The union wage premium also differs between public sector and private sector employees. As previous research has found, my analysis identifies that the union wage premium tends to be higher for private sector employees compared to public sector employees.[5] The premiums in these two cross sections also vary in how they’ve changed over time.

The union wage premium for public sector employees did not changed a great deal between 1985 and 2014. It actually grew from 11.5 percent in 1985 to 14.7 percent in 2014, an 18-percent increase. For most of the last 15 years, the premium was below the 1985 mark, but it jumped significantly from 2013 to 2014, going from 8.6 percent to 14.7 percent in just one year. The lowest recorded public sector premium found in this analysis was 7.6 percent in 2009.

This growth in the public sector union wage premium diverges from the general trend of a steadily decreasing union wage premium found in the overall average and in specific industries. One potential contributing factor to this abnormal trend is the fact that the education and health care sector is made up of more public sector employees than most other sectors. And recall that this was the only sector out of the seven analyzed that saw the union wage premium grow from 1985 to 2014.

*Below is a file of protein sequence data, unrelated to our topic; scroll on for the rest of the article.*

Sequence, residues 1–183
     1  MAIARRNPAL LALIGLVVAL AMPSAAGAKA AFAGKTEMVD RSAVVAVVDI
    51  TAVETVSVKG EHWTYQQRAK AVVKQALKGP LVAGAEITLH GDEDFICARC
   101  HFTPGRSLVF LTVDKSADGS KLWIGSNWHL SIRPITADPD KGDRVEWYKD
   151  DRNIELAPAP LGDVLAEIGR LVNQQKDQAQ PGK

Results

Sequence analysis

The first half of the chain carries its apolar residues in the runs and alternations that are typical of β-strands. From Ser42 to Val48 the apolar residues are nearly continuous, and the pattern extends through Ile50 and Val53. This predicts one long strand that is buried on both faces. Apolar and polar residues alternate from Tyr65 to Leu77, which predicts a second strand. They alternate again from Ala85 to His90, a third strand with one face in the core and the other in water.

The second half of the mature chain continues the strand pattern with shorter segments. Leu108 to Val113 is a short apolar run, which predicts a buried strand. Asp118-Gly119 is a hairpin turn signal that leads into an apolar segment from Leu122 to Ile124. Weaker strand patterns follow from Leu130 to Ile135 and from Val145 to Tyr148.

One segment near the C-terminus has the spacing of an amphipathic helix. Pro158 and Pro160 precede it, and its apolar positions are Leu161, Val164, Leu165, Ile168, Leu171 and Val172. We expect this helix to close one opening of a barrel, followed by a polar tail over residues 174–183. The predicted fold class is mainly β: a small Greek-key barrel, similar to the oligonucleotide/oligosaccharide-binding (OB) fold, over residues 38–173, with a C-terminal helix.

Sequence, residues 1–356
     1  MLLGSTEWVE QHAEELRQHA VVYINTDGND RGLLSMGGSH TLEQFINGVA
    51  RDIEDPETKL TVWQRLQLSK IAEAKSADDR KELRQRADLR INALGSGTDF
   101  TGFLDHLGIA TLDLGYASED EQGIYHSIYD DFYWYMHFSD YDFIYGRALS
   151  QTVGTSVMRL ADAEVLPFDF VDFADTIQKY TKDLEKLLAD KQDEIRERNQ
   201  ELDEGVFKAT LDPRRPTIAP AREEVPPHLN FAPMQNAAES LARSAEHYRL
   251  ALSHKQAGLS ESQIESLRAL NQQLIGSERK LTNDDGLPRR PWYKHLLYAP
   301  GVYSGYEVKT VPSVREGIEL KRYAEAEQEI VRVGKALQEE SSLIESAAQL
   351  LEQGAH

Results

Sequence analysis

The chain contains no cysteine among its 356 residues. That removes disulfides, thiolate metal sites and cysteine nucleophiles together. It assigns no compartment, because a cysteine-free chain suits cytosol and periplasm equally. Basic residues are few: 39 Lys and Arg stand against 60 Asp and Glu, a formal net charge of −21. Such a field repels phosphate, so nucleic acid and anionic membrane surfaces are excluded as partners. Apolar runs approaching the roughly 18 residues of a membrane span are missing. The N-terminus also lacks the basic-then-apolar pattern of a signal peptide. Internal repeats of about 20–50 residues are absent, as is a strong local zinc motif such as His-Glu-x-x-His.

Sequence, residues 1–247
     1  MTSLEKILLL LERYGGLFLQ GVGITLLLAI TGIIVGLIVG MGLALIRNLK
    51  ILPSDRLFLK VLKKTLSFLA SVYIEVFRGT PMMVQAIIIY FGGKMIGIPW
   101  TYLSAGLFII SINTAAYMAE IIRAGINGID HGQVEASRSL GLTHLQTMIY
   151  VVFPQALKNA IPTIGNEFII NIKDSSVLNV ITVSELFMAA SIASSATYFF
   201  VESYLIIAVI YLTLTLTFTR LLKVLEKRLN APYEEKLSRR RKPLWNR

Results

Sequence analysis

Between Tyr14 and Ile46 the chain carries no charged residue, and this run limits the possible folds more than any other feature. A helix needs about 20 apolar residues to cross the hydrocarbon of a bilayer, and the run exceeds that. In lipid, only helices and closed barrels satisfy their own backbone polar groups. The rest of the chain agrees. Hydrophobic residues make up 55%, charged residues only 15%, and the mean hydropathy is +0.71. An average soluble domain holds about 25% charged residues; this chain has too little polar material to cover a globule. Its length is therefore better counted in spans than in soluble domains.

The union wage premium in the private sector, on the other hand, follows the general trend and decreased from 1985 to 2014. In the private sector, the union wage premium was 25.0 percent in 1985 but 17.6 percent in 2014, a decrease of 30 percent. It has grown slightly over the last several years, increasing from 13.5 percent in 2008. In this analysis, the lowest recorded private sector union wage premium was 12.4 percent in 2000.

Graphic 7: Union Wage Premium in the Public and Private Sectors, 1985-2014

Union Wage Premium in the Public and Private Sectors, 1985-2014 - click to enlarge

U.S. Census Bureau Current Population Survey. All figures are statistically significant to the 0.05 level.